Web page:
Tune an FM radio to one of those empty spots between one station and another and out comes the buzz of static that says: Nothing to hear here. But there is something. Deep within the static is an extraordinarily faint trace of the defining period in the history of the universe. What you’re almost hearing is a 13.8-billion-year-old signal from the Big Bang.
That signal—the oldest light of the cosmos stretched by the expansion of space into invisible, pervasive microwaves—has just been gathered and measured with greater precision than ever before. The gathering was done by a $900 million space telescope launched by the European Space Agency and named Planck, for the German physicist Max Planck, a father of quantum mechanics. Beginning in 2009, the spacecraft tagged alongside Earth in its orbit around the sun (sheltered from the sun by Earth’s shadow). Last spring, the mission’s international team of scientists released Planck’s initial results, and a somewhat puzzling picture of the universe emerged. In the new portrait, one side of the universe doesn’t quite match the other, and an odd cold spot stretches for hundreds of millions of light-years, a distance making it the largest known structure in the universe.
“These anomalies do not fit,” says Jan Tauber, ESA’s Planck project scientist. “It’s very painful because we don’t understand it and it has the potential to undermine our theories. Unless we have a theory, we don’t know what to do with it.” The theorists, he says, “are out there furiously trying to come up with something.”
But cosmology, the study of the large-scale properties of the universe, is a science of statistics and probabilities, and many cosmologists believe that a lopsided universe is not so improbable that it demands new theories to explain it. Charles Lawrence, an astrophysicist at NASA’s Jet Propulsion Laboratory and NASA’s Planck project scientist, is among them. “What is remarkable is that the large-scale structure and contents of the universe are described extremely well—not perfectly, but extremely well—by a model that has only six adjustable parameters,” he says. To describe the universe—its age, its content, its speed of expansion—cosmologists have constructed theoretical models based on the phenomena they observe. The dominant, or standard, model assumes six variables—the parameters Lawrence mentions—among them, how fast the universe is expanding and the amount of matter it contains. By slightly adjusting the values of each of the variables, and comparing the millions of permutations with the data from the telescope, researchers find the description that offers the best match.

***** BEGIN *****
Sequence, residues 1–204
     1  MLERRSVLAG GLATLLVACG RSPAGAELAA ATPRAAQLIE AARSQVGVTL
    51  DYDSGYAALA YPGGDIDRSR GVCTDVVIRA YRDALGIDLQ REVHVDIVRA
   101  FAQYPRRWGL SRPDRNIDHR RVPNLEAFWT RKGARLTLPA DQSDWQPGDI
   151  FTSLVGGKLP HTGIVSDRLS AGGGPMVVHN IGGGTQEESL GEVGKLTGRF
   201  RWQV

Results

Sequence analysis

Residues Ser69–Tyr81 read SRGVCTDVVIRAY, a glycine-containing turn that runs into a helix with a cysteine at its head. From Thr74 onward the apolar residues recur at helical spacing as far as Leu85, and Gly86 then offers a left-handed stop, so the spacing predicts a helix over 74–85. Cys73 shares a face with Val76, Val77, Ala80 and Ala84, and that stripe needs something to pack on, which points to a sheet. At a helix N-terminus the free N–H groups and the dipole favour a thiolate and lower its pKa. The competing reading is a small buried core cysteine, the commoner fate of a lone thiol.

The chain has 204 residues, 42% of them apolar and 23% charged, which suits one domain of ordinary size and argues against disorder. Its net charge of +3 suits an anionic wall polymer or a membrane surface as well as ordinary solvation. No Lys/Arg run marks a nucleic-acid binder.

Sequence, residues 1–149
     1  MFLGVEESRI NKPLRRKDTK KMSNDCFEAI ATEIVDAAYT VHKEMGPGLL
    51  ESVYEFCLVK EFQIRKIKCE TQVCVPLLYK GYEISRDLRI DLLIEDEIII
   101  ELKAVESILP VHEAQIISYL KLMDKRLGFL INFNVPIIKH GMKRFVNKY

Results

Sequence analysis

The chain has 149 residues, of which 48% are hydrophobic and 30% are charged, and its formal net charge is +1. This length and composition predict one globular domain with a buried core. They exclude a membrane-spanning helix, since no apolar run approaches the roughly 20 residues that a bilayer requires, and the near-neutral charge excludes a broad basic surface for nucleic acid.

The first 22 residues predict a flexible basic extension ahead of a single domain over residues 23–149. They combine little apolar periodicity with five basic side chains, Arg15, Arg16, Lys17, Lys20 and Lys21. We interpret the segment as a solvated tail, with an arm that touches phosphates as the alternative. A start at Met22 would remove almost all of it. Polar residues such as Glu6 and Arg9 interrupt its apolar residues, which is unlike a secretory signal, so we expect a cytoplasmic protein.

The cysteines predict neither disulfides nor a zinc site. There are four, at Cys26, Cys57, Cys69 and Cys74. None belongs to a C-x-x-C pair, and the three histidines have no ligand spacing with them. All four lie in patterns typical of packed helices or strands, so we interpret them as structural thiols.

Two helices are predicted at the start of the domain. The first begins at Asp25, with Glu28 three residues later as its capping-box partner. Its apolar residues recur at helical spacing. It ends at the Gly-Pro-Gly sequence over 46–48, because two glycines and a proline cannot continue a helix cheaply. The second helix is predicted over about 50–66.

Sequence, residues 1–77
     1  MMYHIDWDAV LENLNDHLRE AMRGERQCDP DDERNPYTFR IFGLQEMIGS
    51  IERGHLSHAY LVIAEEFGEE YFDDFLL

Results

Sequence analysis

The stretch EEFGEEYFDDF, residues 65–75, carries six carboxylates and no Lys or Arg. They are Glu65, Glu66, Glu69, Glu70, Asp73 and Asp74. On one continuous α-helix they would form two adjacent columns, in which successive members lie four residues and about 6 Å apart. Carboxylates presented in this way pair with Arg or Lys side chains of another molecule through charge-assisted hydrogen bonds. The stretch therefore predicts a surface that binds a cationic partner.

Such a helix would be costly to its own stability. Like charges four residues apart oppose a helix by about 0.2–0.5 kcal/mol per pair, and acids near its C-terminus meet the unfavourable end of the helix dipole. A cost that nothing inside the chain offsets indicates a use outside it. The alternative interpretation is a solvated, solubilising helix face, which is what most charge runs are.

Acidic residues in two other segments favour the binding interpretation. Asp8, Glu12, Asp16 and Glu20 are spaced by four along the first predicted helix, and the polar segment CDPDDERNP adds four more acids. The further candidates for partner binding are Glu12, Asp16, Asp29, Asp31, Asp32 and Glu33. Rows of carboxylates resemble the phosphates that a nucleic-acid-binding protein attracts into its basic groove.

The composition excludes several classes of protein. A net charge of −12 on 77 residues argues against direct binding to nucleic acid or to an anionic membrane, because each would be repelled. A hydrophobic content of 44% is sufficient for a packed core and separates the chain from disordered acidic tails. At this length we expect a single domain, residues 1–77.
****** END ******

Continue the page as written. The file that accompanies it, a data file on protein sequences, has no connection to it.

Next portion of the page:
“If the universe was constructed in that statistical prescription by varying six parameters,” says Lawrence, “one out of every few hundred times, you’d get a universe where one side of the sky is as different from the other as we observe. So is that really, really so unlikely that we should lie awake at night worrying about it?”
Planck mission scientists are still extracting information from the cosmic microwave background so that physicists can offer a more complete and satisfying explanation of how the universe we see today expanded from the hot, dense speck it was 13.82 billion years ago—its age, according to Planck’s measurements. That measurement makes the cosmos 80 million years older than previously thought.
The new data from Planck offers more than twice the resolution of previous space-based instruments used to study the cosmic microwave background (CMB) and detects differences in temperature down to the 100 millionth of a degree. Planck’s first color-coded temperature maps of the CMB assemble close to a trillion observations of a billion different points in the sky. The signals are so small, so faint, and so easily obscured by stray radiation from the Milky Way and other sources that a Cray XE6 supercomputer at Lawrence Berkeley National Laboratory—capable of more than a quintillion calculations a second, one of the fastest in the world—had to spend weeks sifting the images from the satellite’s prodigious amount of data.
“Think about it a thousand years from now: This is when we first got the picture,” says Lawrence. “That would seem like a pretty exciting time.”
These more precise measurements have narrowed the range of acceptable models explaining how the universe expanded, including models for the theory of inflation: the idea that 10-35 second after the Big Bang, the universe expanded 100 trillion trillion times, from a mote far smaller than an atom to something far bigger than the Milky Way.
“Less than 100 years ago, we didn’t know that the universe was bigger than the Milky Way,” Lawrence says. “And here we are talking about what happened 13.8 billion years ago! What happened 10 to the negative 35 second after the Big Bang! Ionized universe! Temperature 3,000 degrees Kelvin! It’s just so cool!”